The doctor took me aside and proceeded to tell me how long he’d live: six months to a year and a half, and I screamed at my parents, ‘You’ve got to eat differently!’ Then, ‘Don’t do this’ and ‘Drop that.” Because a lot of crap created my Dad’s illnesses and subsequently Mom’s too.  Dad eventually dropped 30-35 lbs. – going from three angina pills every day to three in a year and lasted a more peaceful, 1.5 years.

That week – after I came back to Chicago – I got a call from him. He was bawling his eyes out. “Nobody cared for me this much in my whole life!”

Improve your chances to get a letter from Dad the day of his funeral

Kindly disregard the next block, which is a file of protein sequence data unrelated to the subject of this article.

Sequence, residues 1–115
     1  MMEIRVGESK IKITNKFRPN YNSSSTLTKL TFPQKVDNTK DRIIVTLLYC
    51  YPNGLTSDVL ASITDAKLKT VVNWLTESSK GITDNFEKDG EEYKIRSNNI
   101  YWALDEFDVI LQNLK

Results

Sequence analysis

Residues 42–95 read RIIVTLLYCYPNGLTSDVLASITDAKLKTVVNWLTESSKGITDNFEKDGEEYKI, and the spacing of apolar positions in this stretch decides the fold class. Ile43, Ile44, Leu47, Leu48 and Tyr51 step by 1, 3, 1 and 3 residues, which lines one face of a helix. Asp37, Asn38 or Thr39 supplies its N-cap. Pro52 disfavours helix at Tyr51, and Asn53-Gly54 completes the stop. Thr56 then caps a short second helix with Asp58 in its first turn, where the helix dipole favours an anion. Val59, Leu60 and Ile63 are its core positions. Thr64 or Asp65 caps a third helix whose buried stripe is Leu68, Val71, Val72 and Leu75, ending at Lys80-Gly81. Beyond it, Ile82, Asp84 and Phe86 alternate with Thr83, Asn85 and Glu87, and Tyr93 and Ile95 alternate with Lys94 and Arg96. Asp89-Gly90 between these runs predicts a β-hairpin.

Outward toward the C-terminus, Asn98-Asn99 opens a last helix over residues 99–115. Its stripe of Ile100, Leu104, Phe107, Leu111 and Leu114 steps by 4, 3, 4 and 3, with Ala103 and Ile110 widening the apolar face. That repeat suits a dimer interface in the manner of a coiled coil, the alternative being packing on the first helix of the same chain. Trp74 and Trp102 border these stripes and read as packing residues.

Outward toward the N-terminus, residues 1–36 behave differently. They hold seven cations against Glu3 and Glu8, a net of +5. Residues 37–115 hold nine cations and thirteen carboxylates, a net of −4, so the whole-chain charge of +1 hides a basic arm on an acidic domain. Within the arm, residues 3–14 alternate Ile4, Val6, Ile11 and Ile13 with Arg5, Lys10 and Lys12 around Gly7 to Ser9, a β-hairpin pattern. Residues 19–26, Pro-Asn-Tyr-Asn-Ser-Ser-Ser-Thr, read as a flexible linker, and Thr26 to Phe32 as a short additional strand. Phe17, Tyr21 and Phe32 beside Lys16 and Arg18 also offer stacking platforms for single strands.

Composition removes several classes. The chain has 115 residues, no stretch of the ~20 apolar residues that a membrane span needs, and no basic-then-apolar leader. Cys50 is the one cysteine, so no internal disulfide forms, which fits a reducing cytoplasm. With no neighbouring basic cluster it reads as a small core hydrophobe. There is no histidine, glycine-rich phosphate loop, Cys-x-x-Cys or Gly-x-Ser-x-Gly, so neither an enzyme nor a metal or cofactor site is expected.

“I went back down with my girlfriend for Dad’s funeral.  I was staying next door at a condo, and my mother knocks on the door the day of Dad’s funeral.  She says ‘This is for you,’ and hands me a letter from Dad. See, he was a linotype operator and he had always told me how much he liked writing letters. I probably still had old feelings about my tough childhood, but here was this letter that had bounced back because he’d posted it to the wrong address in LA.

Getting a letter from Dad the day of his funeral was like communicating with the Great Beyond.”

Your parents can be 99% forgiven if their parents didn’t know any better

“I didn’t even cry at the funeral. Part of grieving is that you grieve ahead of time for the person, especially if you know it’s coming.  Well, I did some of that and the grand finale was grieving about the ultimate loss of Dad. The Orphan Finality.